Cherry is being held in a Maricopa County jail without bond and faces 11 felony charges related to molestation of a minor, sexual assault, sexual abuse and sexual conduct with a minor, the statement said.



Arrest in Case of Dead Babies


The Canadian police said Wednesday that they had charged a woman with concealing the bodies of six infants in a storage locker, but that they were not considering it a homicide.

The police in Winnipeg, Manitoba, found what officers initially thought were four babies' bodies on Monday after being alerted by a storage company.

Andrea Giesbrecht, 40, also known as Andrea Naworynski, who had rented the locker, was charged with six counts of concealing bodies and breaching probation connected to previous incidents of fraud.


North Carolina

Former Elementary School Teacher Arrested on Child Abuse and Drug Charges

by Vita McHale

FAYETTEVILLE- The sheriff's office said 31-year-old Stacey Kolmodin's actions sent an 11-year-old child to the hospital.

From Sept. 18-Oct. 18 Kolmodin babysat the 11 year old who had numerous medical illnesses. Sometime during that time Kolmodin took the child's Tylenol with Codeine liquid prescription, and replaced it with another liquid that looked the same.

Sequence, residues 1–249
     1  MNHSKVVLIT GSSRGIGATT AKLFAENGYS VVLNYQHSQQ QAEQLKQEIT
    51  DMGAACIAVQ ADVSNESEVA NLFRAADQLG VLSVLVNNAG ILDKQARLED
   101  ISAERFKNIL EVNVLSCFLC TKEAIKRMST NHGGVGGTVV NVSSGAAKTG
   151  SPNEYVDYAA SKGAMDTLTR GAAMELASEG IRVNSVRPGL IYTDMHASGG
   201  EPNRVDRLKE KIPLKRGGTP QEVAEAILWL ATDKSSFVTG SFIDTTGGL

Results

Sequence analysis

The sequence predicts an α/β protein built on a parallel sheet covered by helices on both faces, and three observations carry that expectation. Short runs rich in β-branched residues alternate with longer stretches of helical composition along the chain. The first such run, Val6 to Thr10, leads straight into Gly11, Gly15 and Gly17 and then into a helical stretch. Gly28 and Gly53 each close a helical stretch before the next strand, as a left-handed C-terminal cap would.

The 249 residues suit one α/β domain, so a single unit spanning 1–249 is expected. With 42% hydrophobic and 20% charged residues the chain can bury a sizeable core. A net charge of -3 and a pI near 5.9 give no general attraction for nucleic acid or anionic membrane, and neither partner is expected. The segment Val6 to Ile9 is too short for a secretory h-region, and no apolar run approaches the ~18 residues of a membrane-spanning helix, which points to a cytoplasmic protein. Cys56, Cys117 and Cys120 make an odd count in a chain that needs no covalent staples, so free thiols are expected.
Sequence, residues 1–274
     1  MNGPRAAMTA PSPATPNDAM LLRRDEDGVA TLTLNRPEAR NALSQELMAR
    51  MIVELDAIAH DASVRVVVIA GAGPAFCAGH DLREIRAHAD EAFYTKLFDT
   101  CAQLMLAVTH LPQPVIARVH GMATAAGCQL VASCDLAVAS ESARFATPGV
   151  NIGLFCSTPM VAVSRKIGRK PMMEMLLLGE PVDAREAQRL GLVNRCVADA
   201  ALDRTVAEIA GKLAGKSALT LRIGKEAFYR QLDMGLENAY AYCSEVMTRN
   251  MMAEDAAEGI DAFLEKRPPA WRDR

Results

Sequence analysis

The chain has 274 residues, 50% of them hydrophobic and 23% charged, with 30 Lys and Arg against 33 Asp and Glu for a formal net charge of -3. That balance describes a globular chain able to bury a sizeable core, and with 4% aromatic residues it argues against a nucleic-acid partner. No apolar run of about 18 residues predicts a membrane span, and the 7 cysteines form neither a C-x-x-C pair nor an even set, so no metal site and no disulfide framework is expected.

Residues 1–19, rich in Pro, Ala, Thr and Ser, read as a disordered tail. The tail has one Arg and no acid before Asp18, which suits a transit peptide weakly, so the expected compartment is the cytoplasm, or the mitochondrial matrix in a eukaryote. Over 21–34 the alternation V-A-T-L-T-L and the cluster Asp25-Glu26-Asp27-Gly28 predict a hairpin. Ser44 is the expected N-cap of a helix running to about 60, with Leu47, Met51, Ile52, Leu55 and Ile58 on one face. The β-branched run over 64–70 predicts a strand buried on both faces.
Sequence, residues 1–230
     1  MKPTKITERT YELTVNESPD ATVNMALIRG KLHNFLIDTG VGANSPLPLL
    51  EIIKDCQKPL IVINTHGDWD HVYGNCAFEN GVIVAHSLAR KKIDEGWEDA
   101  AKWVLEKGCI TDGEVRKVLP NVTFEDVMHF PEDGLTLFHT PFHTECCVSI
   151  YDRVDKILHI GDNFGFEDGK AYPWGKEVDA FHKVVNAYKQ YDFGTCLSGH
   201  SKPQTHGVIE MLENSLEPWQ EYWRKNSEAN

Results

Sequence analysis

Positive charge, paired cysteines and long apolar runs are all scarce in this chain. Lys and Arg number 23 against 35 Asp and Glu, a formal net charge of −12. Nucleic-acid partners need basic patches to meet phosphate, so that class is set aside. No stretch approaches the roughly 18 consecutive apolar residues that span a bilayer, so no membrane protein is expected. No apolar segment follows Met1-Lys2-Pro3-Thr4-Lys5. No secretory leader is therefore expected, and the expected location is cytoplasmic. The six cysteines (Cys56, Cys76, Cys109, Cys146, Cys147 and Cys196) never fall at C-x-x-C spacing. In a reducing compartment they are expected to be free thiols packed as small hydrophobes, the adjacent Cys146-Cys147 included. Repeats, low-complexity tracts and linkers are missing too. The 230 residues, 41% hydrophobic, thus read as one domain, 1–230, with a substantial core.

"The child was still taking the medication as prescribed by the doctor. But it wasn't the original prescription, it was the counterfeit one,” said Debbie Tanna with the sheriff's office. “As a result of that, developed some type of allergic reaction and had to be taken to the hospital for that."

She faces several charges including child abuse and creating a counterfeit controlled substance.

Kolmodin is a former teacher at Glendale Acres Elementary School. Tanna said Kolmodin was relieved of her duties in April after she was seen snorting a powdery substance at her desk.

"We discovered it was cocaine, and fortunately there were no students in the classroom at the time. They were actually out of the classroom on a recess," said Tanna.